3

I am trying to play around to understand how SSLStrip+ works by:

$ cat /proc/sys/net/ipv4/ip_forward
1
$ sudo iptables --flush
$ sudo iptables --flush -t nat
$ sudo iptables -t nat -A PREROUTING -p tcp --dport 80 -j REDIRECT --to-port 9000
$ sudo iptables -t nat -A PREROUTING -p udp --dport 53 -j REDIRECT --to-port 53
$ python sslstrip.py -l 9000 -a log.txt

Then, I prepend 127.0.0.1 as a DNS in /etc/resolve.conf and I configure dns2proxy and fire up:

$ echo ".fakeexample.com 192.168.1.123" >> domains.cfg
$ sudo python dns2proxy.py -i enp3s0 -u 192.168.1.123

192.168.1.123 is the target IP (also my own machine running all commands above).

Then, I fire up my browser to hit http://fakeexample.com (fakeexample.com isn't on the HSTS preload list according to hstspreload.org)

I thought sslstrip+ would pick up the traffic from the browser but according to sslstrip+'s log, it doesn't. And the browser states connection refused.

What is missing?

  • Unless you are changing it, iirc it listens on 10000. Also, see serverfault.com/a/211544/235706 – multithr3at3d Nov 13 '18 at 0:03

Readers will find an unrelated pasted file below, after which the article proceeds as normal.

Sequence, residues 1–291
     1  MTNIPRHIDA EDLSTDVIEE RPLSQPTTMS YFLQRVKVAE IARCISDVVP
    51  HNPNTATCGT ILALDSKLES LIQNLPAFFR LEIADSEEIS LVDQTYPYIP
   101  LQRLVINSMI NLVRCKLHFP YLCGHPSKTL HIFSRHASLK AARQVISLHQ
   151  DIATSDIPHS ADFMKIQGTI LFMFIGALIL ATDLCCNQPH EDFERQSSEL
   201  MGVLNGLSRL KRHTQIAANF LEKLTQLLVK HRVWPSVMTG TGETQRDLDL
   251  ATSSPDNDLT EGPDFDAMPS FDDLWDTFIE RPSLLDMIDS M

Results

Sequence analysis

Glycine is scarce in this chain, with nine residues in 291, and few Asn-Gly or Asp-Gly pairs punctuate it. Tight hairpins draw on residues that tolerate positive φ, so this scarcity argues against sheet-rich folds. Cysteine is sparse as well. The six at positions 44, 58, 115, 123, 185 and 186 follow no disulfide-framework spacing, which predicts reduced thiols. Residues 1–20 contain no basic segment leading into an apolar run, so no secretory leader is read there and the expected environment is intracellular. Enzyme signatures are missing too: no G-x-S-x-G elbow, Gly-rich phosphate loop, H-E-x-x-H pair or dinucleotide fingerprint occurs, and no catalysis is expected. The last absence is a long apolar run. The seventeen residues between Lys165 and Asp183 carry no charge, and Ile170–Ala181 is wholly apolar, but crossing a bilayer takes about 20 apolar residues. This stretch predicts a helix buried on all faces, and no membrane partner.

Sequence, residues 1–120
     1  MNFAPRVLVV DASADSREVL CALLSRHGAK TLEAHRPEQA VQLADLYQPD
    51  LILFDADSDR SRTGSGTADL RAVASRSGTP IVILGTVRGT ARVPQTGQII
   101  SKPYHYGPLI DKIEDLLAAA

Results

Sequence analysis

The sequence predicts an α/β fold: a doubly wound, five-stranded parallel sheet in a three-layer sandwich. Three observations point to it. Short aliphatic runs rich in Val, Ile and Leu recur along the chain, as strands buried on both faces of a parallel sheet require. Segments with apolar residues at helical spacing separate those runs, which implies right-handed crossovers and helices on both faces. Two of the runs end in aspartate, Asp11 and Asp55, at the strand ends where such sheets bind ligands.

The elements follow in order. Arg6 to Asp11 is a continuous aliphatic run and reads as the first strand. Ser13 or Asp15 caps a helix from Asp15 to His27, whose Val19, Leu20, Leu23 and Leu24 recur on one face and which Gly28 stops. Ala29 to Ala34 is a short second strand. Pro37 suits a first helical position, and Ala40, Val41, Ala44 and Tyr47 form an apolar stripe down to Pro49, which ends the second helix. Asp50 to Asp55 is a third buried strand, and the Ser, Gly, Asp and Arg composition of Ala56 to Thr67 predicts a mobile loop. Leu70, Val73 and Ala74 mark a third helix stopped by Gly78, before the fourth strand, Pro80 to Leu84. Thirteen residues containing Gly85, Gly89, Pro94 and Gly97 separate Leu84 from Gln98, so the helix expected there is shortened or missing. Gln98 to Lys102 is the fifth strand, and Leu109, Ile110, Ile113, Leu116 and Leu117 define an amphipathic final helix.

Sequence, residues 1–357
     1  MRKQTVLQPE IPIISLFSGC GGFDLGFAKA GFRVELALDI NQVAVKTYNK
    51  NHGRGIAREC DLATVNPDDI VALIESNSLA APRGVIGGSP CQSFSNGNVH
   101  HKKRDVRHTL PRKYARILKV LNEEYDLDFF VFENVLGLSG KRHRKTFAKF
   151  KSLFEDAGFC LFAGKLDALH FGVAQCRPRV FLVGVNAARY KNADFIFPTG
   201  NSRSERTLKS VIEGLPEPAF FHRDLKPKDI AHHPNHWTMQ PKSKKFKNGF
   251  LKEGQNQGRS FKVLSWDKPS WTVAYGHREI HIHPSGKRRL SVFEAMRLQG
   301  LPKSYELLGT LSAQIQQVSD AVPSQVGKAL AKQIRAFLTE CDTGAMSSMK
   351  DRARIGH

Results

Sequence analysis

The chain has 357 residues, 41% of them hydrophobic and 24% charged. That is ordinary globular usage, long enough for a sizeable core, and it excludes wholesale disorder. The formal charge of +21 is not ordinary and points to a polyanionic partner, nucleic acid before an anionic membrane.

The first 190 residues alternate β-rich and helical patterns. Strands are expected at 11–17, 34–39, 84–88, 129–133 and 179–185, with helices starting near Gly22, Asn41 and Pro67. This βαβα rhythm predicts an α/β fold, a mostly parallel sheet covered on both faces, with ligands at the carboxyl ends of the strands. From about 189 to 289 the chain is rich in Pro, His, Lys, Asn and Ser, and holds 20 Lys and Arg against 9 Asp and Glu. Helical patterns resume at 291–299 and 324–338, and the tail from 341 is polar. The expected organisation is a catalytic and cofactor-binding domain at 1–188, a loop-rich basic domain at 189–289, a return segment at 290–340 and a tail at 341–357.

• @multithr3at3d when I started sslstrip, I specified -l 9000, which will make sslstrip+ listens to port 9000 (according to the help page). You mean the victim's browser (my own browser in my case) will go through loopback interface even it sees ip of 192.168.123 instead of 127.0.0.1? I though loopback would be used if the ip is 127.0.0.1, no? – HCSF Nov 13 '18 at 1:11
  • the network stack sees that the destination address belongs to the current host, so it never needs to hit the network card – multithr3at3d Nov 13 '18 at 23:13
  • @multithr3at3d got it. I just tried sudo iptables -t nat -I OUTPUT -p tcp -o lo --dport 80 -j REDIRECT --to-ports 9000. sslstrip+'s log still shows nothing when my browser tries to access fakeexample.com. Not sure what goes wrong. – HCSF Nov 25 '18 at 7:05
  • I also checked to make sure my box has an interface called lo – HCSF Nov 25 '18 at 7:06

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